To Our Clergy, Hieromonks and Brothers, Religious Sisters, Seminarians and Beloved Faithful,
Glory to Jesus Christ!
St. Philip’s Fast or Pylypivka is about to start. It is a joyful 40-day fast, which begins on November 15, the day after the feast of the apostle St. Philip, and lasts until December 24, Christmas Eve. This fast is meant to prepare us spiritually for the great and solemn holyday – the Nativity of Our Lord Jesus Christ. This is the time given to us to deepen our understanding and awareness of God’s mystery – the Incarnation of the Son of God and the coming of the Messiah, the King of Peace, Emmanuel and the Light of the world. It is time for us to find and rediscover true joy of the Nativity of Our Lord through prayer, meditation, and acts of charity, not like it is in the artificial atmosphere of Christmas parties, buying and exchanging gifts and enjoying specially prepared holiday delicacies.
We may think that the coming of Christ is a completed event and a historical fact of the past, and the anticipation of His coming is only symbolic for us. It is not! Christ always comes to us. He is constantly born spiritually in the heart of every person who believes and expects Him. He comes to us in prayer and the Holy Mysteries, especially in Holy Confession and Communion. Today He comes to be with us and among us.
This year, St. Philip’s Fast and the understanding of the coming of Christ and His presence among us takes on a special meaning and significance for us. In the midst of the relentless COVID-19 pandemic, the suffering of many from this deadly illness, often resulting in the sad and tragic loss of family members and friends, political discord and instability, riots, wars and human rights abuses around the world, we are thirsty for a deep awareness and conviction that Christ the Lord is truly present among us and that His grace is life-giving and necessary.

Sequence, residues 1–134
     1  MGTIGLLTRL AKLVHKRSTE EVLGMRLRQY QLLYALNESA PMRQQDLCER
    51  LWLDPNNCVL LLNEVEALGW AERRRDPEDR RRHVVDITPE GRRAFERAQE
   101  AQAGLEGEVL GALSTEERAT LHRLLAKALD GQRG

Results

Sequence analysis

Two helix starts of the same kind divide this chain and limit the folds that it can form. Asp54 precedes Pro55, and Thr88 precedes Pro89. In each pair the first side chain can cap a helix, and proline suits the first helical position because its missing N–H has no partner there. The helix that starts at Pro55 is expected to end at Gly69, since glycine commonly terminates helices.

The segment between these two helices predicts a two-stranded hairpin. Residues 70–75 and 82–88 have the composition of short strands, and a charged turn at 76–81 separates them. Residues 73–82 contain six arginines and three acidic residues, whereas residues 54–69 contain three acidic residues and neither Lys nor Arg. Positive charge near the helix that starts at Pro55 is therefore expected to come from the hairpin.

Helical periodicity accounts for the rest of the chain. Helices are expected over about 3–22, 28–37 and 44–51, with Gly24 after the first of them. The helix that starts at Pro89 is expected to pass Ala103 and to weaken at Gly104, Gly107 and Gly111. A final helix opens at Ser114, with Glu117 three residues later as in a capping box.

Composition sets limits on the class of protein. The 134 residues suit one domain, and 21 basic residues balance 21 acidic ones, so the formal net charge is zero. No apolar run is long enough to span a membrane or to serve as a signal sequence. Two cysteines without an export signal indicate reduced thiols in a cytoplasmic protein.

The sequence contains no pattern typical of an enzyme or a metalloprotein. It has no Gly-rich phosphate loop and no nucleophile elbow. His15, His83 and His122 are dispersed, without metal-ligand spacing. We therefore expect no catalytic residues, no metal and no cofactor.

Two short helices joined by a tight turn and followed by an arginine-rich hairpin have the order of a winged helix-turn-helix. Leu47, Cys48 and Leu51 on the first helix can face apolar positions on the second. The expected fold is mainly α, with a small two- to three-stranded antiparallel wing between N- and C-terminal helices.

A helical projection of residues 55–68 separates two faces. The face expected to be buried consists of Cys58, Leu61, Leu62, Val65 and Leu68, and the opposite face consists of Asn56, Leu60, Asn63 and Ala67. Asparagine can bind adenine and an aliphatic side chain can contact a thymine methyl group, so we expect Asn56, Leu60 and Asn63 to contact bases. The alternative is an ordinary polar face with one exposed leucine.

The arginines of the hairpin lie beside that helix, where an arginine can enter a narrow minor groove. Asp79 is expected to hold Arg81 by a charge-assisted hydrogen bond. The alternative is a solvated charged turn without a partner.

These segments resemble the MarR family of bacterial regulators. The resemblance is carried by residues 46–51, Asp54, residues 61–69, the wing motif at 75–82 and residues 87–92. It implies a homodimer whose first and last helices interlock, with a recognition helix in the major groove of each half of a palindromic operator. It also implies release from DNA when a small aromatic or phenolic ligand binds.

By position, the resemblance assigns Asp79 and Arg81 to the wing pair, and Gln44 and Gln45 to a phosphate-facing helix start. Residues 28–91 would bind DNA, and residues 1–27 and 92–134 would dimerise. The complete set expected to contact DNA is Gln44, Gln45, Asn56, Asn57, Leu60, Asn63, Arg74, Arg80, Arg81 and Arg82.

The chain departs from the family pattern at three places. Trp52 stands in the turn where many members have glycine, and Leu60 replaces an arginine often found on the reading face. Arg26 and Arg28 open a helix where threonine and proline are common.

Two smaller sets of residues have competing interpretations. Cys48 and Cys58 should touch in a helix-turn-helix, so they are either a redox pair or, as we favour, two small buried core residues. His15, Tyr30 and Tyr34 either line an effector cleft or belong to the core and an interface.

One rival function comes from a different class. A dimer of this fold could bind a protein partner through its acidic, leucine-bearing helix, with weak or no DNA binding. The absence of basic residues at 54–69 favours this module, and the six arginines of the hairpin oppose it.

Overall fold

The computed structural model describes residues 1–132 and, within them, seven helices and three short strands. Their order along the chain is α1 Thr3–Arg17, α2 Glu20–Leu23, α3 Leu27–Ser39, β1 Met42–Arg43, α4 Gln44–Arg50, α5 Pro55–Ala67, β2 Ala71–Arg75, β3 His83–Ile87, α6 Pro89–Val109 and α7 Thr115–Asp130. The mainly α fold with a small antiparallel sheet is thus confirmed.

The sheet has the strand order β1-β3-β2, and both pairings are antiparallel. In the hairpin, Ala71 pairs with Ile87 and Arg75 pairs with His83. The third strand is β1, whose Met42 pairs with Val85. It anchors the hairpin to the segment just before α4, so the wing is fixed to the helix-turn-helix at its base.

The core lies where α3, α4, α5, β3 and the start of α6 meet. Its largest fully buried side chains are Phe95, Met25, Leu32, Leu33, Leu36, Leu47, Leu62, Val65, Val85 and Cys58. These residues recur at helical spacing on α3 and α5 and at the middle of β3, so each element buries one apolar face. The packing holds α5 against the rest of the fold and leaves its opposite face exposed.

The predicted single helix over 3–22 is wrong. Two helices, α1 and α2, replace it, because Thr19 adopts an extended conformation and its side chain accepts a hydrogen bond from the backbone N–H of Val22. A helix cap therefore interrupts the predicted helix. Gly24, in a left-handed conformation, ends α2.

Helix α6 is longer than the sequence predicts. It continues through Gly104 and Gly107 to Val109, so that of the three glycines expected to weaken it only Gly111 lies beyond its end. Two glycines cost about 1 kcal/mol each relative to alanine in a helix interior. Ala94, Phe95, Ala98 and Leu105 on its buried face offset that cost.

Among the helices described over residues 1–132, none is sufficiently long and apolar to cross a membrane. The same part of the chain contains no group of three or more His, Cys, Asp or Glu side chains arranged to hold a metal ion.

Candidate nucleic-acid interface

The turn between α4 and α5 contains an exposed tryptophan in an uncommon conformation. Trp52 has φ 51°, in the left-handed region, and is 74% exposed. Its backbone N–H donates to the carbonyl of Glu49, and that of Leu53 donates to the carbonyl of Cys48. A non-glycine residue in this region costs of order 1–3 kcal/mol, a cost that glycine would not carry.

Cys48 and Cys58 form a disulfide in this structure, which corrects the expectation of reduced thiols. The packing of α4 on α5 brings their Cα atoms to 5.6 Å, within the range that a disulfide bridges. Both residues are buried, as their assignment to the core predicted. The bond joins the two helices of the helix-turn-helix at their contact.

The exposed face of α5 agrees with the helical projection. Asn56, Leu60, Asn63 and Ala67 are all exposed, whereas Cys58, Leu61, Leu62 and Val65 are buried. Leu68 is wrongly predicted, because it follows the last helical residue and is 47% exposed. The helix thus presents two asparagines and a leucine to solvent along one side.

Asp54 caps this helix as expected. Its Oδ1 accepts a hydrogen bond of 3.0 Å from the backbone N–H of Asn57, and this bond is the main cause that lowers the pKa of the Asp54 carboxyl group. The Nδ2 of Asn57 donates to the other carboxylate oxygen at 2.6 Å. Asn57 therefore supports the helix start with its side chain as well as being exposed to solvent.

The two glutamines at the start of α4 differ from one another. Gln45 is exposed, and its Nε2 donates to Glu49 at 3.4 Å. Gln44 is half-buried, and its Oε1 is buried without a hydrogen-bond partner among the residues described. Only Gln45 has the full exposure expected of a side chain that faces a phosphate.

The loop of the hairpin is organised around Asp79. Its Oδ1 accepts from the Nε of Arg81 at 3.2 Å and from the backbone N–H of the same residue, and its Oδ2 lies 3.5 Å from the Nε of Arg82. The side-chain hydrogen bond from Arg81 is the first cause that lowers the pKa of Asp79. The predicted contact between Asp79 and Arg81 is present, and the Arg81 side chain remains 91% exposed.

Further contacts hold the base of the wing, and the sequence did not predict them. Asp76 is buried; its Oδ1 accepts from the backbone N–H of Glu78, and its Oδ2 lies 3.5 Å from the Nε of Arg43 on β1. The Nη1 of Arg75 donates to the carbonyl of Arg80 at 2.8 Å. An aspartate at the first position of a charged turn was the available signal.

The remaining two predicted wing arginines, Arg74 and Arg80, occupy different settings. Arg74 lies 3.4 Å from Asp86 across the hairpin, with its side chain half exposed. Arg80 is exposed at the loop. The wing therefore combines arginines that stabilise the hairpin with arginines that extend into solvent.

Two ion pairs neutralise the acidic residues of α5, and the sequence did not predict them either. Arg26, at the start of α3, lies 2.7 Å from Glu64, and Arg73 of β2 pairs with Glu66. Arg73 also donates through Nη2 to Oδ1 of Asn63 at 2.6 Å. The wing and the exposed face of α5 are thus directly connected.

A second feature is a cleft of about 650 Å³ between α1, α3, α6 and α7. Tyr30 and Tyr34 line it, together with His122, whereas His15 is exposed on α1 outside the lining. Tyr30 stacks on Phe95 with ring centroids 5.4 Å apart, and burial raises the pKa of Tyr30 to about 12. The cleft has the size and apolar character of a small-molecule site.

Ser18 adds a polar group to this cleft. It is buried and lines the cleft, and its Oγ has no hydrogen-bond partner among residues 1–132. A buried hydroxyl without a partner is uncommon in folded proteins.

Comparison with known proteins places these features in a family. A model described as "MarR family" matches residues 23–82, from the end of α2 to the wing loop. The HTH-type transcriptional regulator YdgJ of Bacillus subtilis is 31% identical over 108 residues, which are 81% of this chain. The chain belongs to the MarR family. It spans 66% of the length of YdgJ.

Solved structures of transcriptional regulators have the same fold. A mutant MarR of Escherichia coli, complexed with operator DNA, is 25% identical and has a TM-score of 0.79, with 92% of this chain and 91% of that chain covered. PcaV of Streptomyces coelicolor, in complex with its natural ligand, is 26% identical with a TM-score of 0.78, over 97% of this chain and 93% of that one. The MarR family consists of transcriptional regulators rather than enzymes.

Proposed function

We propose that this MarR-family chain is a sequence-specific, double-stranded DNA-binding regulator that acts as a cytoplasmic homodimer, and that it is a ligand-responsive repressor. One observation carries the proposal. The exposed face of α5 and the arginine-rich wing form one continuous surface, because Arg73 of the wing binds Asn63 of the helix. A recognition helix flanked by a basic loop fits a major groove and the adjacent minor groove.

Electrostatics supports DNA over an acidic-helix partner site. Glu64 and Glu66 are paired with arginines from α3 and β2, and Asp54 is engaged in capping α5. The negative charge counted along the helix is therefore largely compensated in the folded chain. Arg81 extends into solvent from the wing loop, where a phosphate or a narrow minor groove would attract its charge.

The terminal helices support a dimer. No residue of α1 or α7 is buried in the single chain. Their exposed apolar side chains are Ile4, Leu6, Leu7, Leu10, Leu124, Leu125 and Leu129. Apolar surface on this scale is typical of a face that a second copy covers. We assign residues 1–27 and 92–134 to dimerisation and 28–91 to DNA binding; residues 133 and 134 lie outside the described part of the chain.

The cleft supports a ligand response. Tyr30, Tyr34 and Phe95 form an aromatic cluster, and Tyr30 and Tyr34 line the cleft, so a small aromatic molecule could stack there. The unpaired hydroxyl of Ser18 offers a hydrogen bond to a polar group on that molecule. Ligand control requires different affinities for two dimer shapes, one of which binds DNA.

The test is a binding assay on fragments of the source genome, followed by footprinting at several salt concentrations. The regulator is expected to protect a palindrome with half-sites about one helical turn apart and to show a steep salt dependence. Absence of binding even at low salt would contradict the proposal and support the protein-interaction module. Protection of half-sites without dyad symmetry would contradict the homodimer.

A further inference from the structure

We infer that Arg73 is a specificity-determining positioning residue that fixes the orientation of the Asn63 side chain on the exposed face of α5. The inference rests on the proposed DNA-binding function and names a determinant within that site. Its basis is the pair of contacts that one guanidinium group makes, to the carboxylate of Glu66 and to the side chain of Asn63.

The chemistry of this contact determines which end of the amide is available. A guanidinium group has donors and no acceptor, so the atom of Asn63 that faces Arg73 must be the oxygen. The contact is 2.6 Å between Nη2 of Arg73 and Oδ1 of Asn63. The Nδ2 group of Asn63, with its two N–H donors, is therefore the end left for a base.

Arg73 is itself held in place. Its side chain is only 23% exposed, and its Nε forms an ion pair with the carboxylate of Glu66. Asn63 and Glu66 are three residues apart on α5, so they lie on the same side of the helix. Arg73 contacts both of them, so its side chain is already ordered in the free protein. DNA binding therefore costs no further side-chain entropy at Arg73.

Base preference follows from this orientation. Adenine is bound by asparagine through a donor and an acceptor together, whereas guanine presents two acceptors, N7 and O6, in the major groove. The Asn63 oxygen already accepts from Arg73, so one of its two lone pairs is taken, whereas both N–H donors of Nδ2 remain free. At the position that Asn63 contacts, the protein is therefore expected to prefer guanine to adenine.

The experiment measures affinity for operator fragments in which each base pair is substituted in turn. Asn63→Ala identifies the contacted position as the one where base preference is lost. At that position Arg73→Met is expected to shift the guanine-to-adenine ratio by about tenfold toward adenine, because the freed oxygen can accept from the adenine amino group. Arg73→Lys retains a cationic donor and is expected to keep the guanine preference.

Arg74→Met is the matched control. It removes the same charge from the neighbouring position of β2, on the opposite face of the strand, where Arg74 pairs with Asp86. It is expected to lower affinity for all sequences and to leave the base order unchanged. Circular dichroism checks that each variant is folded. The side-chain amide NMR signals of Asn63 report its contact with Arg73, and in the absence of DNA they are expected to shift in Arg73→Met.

St. Philip’s Fast recalls for us the Old Testament and the world, which froze in anticipation of the coming of Christ, the Light of the world. We will hear readings from the books of the ancient prophets Nahum, Habakkuk, Daniel, and Isaiah, who prophesied of His coming eight centuries before He was born. They wrote that the Messiah was to be born in Bethlehem, about the escape of the Holy Family to Egypt and the return to Nazareth, about His healing of the sick, about His rejection by the chosen people, about His betrayal and taking thirty silver pieces by one of the apostles, about His crucifixion among robbers, about His side being pierced, about His Resurrection and Ascension to Heaven. Later, the holy evangelists, while writing the Gospels inspired by the Holy Spirit, will include these prophecies to show us that Jesus Christ is the Messiah that everyone expected and that He is truly the Son of God.
The story of salvation does not end with the coming of Christ over 2,000 years ago, but it continues to this very day. We are all awaiting His second coming, which He Himself prophesied, and it will be very different from the first. When Christ comes a second time, everyone will recognize Him. During His first coming, He was not loved but was rejected. When He comes a second time, all the tribes will acknowledge Him as Lord. During His second coming, He will also be accompanied by the angels. During His first coming, He entered the world as a helpless baby in the manger. When He comes a second time, He will come as the King of kings and Lord of lords. That is why the expectation of the coming of Christ is not and cannot be symbolic, but is a completely genuine event – He will come a second time.
During the Christmas fast, let us prepare spiritually for His coming. Create a prayer corner in your home and display an icon of the Nativity of Christ, meditating daily on the mystery of the coming of the Messiah. Let us receive the Mysteries of Holy Confession and Holy Communion during these days, especially if we did not have the opportunity to do so during Great Lent. Let us abstain from meat on Fridays, overeating and excessive use of the Internet. Let us be generous with our time and talents and serve the poor and disadvantaged as much as we can. Let us reconcile with those whom we have offended and those who have offended us. Let us always be aware that Jesus Christ will come a second time as our Lord and Judge, though “of that day and hour no one knows.” (Matt. 24:36).
May you and your family be blessed by Our Savior and Lord Jesus Christ, whose joyful Nativity in the manger of Bethlehem we patiently await!
Archbishop of Philadelphia for Ukrainians
Metropolitan of Ukrainian Catholics in the United States
+Paul Chomnycky, OSBM
Eparch of Stamford
Eparch of St. Nicholas in Chicago
+ Bohdan J. Danylo
Eparch of St. Josaphat in Parma
+Andriy Rabiy (author)
Auxiliary Bishop of Philadelphia